- Associated Press - Friday, February 12, 2016

SPARKS, Nev. (AP) - A Nevada gaming control commissioner resigned Friday after details of a federal investigation surfaced involving The Nugget in Sparks that was under the ownership of her family.

Gov. Brian Sandoval said Michonne Ascuaga resigned her position as a member of the Nevada Gaming Commission on Friday.

Her letter said she was resigning to avoid having her family’s “on-going business litigation” distract from the regulatory work of the commission.

The letter said in part: “I always tried to conduct myself with the highest standards of professionalism consistent with the tradition members of this body have followed past and present.”

The governor said in a statement: “I appreciate that she has put the credibility and reputation of the Gaming Commission first. Michonne is a consummate professional and will continue to be a leader in our community.”

Sandoval appointed her to the commission last April. Ascuaga was the CEO of The Nugget for 16 years until it was sold. Her father founded the hotel-casino in 1955.

The federal investigation came to light as part of an ongoing legal dispute between the Ascuagas and Wolfhound Holdings LLC, the company that purchased the hotel-casino in 2013.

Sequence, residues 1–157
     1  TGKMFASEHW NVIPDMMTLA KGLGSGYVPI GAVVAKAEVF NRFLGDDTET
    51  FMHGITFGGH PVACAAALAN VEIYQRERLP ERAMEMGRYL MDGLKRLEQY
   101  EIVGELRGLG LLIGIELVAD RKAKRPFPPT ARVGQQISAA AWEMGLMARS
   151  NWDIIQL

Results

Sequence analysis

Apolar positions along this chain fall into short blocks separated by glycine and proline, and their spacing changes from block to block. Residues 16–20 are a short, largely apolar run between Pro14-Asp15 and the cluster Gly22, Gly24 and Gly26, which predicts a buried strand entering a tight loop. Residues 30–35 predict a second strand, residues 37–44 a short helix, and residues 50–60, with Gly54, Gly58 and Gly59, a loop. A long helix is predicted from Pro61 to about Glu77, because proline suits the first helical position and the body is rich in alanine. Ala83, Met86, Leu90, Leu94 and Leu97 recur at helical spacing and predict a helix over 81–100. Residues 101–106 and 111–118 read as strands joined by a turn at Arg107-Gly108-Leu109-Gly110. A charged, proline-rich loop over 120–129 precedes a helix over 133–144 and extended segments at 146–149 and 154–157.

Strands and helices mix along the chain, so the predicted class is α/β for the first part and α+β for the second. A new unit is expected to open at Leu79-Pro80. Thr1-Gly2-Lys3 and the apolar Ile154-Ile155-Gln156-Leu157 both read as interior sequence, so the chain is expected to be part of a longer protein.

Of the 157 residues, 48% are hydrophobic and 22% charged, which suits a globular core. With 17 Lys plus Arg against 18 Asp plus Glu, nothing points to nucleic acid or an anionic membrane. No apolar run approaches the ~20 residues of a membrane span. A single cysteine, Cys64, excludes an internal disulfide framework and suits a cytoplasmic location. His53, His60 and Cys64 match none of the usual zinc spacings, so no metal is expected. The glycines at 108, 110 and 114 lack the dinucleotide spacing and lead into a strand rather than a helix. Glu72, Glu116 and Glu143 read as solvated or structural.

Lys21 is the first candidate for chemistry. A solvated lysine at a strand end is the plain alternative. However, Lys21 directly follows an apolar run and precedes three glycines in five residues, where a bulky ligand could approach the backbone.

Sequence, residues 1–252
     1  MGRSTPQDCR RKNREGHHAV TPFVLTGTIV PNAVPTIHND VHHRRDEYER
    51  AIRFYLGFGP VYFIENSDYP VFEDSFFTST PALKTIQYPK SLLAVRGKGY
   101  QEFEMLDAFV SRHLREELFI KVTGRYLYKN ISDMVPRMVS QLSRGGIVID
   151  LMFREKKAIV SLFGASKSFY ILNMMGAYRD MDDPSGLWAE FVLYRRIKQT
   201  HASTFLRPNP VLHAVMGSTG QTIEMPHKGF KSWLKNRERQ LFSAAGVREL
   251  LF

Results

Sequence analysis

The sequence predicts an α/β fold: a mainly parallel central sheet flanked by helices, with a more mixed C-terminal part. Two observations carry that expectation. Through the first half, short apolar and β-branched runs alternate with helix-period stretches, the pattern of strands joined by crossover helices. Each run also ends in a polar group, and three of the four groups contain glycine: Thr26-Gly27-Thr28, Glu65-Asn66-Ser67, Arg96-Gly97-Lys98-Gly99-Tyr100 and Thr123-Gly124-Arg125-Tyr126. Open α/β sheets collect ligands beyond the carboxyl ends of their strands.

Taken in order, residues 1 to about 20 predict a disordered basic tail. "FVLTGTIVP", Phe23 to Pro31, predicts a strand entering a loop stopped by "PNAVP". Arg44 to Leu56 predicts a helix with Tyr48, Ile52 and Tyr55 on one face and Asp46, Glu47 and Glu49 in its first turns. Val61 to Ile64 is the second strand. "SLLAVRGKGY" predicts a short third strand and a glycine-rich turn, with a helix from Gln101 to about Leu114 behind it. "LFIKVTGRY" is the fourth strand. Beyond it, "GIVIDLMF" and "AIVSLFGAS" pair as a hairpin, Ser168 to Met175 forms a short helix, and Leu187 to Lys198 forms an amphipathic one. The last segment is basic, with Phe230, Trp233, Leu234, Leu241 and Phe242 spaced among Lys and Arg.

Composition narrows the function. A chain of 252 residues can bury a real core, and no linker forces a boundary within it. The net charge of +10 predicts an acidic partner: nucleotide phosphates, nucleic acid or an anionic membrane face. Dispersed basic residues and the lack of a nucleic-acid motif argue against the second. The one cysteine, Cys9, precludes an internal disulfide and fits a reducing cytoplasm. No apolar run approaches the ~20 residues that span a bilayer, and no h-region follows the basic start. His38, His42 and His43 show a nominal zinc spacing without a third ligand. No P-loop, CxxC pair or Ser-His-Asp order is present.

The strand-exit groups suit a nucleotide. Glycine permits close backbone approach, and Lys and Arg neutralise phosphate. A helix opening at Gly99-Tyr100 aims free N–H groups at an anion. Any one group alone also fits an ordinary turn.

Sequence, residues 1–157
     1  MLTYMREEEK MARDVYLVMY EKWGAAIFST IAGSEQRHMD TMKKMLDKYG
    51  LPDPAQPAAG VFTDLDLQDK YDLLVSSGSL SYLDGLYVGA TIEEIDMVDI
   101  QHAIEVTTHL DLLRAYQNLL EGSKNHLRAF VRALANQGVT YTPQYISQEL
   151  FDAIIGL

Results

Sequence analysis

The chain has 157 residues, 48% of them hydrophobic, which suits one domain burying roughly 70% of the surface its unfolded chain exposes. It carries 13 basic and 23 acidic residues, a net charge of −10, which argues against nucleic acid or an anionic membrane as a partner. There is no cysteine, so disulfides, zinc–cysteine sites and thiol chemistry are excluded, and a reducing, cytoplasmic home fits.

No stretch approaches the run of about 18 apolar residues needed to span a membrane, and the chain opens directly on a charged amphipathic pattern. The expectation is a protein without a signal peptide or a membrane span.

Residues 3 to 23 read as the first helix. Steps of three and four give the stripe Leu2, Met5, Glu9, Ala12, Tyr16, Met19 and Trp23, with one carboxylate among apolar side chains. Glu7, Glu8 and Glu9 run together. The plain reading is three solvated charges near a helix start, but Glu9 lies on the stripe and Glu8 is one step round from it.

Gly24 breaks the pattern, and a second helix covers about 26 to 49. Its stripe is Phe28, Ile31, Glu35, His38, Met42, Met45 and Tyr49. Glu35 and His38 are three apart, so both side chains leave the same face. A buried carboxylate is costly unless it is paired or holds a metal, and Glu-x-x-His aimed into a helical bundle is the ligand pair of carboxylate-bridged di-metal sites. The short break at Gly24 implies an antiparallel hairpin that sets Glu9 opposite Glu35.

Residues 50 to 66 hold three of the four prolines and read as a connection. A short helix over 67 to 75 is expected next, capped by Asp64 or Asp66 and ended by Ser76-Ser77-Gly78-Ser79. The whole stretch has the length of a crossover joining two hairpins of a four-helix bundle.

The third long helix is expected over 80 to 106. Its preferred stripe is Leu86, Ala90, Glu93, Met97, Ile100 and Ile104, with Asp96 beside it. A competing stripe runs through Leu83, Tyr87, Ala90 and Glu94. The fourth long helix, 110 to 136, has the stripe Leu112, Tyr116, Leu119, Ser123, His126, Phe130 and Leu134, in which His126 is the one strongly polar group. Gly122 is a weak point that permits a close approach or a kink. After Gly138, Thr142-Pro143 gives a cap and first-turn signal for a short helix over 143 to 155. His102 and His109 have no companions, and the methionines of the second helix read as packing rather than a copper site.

An investigation by the Financial Crimes Enforcement Network was detailed in a lawsuit filed Wednesday by Wolfhound Holdings in Washoe District Court.

The holding company suggests the Nugget was investigated for failing to meet federal record-keeping and reporting requirements and for not establishing an effective anti-money laundering program.

The status of the investigation was not revealed in interviews or in documents.

Ascuaga said in a statement that she was never the target of the investigation. She said she has not had any contact with investigators since November 2013.

“The Sparks Nugget was informed in November 2013 by the Department of Treasury that the department was investigating whether it was appropriate to impose civil penalties for possible violations of anti-money laundering regulations,” she said in the statement. “The matter arose from an audit-type examination conducted by the IRS at the casino in 2010. This was all disclosed immediately to the buyer.”

She said after the sale, Wolfhound Holdings assumed the responsibility of resolving those issues with federal regulators.

Nugget spokesman Joe Sala said the hotel-casino’s owners have no comment on the matter.

The dispute between Wolfhound Holdings and the Ascuaga family started in January 2015 when the family filed a lawsuit against Wolfhound, claiming they were still owed money under the purchase agreement.

John Echeverria, the Ascuagas’ attorney, said Wolfhound Holdings knew about the problems the property was facing before the purchase.

This story has been corrected to show The Nugget is in Sparks, Nevada, not Reno.

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